A comprehensive governance, risk, and compliance (GRC) platform can integrate all types of risk management activities. These activities include managing policies, conducting risk assessments, understanding risk posture, identifying gaps in regulatory compliance, responding to incidents, and automating the internal audit process.

Operational Focus of Risks Teams

Simply relying on scheduled assessments leaves risk executives blind to the risks the organization is experiencing in real-time. If you focus on the theoretical risks, you miss the day-to-day threats that affect operations.

Getting down to the operational level includes conducting assessments with active lower-level employees performing daily operations. By increasing awareness of operational risks, you can undertake root cause analysis to discover where your risk management processes are weak. You do need infrastructure to collect feedback and implement controls to prevent repeat incidents, but the investment is worth the effort.

Risks Analytics

Another trend is risk data analytics: that is, advanced data mining and analysis techniques to achieve risk management objectives. Organizations are increasingly focusing on using data-driven approaches to unlock the maximum amount of information hidden in their data to discover and manage their risks.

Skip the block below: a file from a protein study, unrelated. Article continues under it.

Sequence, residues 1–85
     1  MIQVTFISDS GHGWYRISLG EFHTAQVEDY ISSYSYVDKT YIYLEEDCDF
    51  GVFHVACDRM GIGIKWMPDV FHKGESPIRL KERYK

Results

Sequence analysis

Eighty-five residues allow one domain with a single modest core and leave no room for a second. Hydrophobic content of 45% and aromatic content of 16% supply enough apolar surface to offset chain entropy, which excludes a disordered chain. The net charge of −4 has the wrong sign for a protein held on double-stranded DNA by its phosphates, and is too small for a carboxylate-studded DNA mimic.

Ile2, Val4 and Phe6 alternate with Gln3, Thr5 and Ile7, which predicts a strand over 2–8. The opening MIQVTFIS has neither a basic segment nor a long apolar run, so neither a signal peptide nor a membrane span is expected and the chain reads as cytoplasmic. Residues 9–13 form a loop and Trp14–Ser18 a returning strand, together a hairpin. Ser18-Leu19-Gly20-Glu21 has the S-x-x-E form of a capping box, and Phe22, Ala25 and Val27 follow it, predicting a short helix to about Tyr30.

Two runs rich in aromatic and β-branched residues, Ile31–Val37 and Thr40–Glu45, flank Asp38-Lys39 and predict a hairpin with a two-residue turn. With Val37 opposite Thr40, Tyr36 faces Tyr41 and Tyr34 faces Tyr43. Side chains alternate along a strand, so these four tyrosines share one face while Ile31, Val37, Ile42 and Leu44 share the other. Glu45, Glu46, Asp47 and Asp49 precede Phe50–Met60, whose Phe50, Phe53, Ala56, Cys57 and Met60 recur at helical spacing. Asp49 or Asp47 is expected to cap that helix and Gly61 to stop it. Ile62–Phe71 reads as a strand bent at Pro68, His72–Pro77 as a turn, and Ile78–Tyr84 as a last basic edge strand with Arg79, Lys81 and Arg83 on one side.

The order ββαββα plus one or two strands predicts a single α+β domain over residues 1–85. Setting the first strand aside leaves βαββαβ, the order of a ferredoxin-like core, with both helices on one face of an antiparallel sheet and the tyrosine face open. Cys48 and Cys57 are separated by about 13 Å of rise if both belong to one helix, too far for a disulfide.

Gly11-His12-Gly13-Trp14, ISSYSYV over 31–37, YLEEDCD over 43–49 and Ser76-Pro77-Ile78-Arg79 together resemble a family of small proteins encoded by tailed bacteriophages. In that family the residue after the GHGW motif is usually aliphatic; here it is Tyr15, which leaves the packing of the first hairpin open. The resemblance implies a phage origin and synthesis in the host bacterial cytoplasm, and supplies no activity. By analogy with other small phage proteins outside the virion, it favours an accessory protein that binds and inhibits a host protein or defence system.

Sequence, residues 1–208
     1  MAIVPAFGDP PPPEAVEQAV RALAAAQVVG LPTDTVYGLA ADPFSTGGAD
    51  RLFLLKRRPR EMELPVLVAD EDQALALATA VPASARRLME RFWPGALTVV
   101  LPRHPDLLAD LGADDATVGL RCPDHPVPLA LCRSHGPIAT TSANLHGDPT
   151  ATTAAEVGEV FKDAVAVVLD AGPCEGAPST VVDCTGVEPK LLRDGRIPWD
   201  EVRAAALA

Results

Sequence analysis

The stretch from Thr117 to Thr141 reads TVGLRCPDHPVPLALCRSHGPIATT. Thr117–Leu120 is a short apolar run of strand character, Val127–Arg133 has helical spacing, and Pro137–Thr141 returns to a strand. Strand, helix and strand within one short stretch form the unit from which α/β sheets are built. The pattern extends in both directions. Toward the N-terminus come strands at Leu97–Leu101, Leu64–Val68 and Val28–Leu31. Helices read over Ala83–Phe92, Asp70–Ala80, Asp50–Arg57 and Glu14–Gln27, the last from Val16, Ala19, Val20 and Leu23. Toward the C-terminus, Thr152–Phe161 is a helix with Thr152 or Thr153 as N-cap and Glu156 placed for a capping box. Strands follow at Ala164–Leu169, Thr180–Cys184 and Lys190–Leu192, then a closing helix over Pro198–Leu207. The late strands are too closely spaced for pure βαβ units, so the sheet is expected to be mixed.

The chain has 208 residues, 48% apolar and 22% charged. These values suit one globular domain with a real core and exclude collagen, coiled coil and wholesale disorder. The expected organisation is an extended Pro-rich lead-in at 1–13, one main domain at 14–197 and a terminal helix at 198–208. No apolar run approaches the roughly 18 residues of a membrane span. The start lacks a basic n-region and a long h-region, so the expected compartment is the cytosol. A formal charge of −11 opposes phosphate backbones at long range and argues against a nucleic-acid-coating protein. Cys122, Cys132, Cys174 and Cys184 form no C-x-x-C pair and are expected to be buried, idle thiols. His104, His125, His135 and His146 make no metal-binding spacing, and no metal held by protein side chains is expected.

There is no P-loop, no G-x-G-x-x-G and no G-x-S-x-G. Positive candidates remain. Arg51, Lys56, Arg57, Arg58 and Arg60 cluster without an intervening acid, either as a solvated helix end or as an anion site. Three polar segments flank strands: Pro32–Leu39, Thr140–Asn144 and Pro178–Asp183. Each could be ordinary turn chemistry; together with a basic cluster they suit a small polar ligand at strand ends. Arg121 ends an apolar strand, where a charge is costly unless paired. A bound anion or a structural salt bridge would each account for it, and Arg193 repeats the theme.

The main advantage of risk analytics is that you can expand risk factors to include granular specifications that provide a more holistic and factual basis for risk management. You can also use it with predictive models to evaluate transactions to refine and improve early warning signals.

Managing Emerging Risks

A business can’t focus only on those risks whose likelihood and potential harm are already known. The business must also develop tools and techniques to identify newly emergent risks and then respond to those threats as well.

Chief risk officers emphasize risk velocity (the speed at which a risk can go from detection to actually happening) to aid ERM teams in managing and prioritizing risks. The focus of high-velocity emerging risks should be on the early detection of risk occurrences and developing effective reaction plans.

Key risk indicators (KRIs) can provide early warning of a probable risk occurrence. Reliable historical data will aid in identifying actual risks and preventing risk teams from focusing on phantom risks, which are hazards that are exaggerated due to bias, political motivation, or information withholding.

Increased Regulatory Compliance Requirements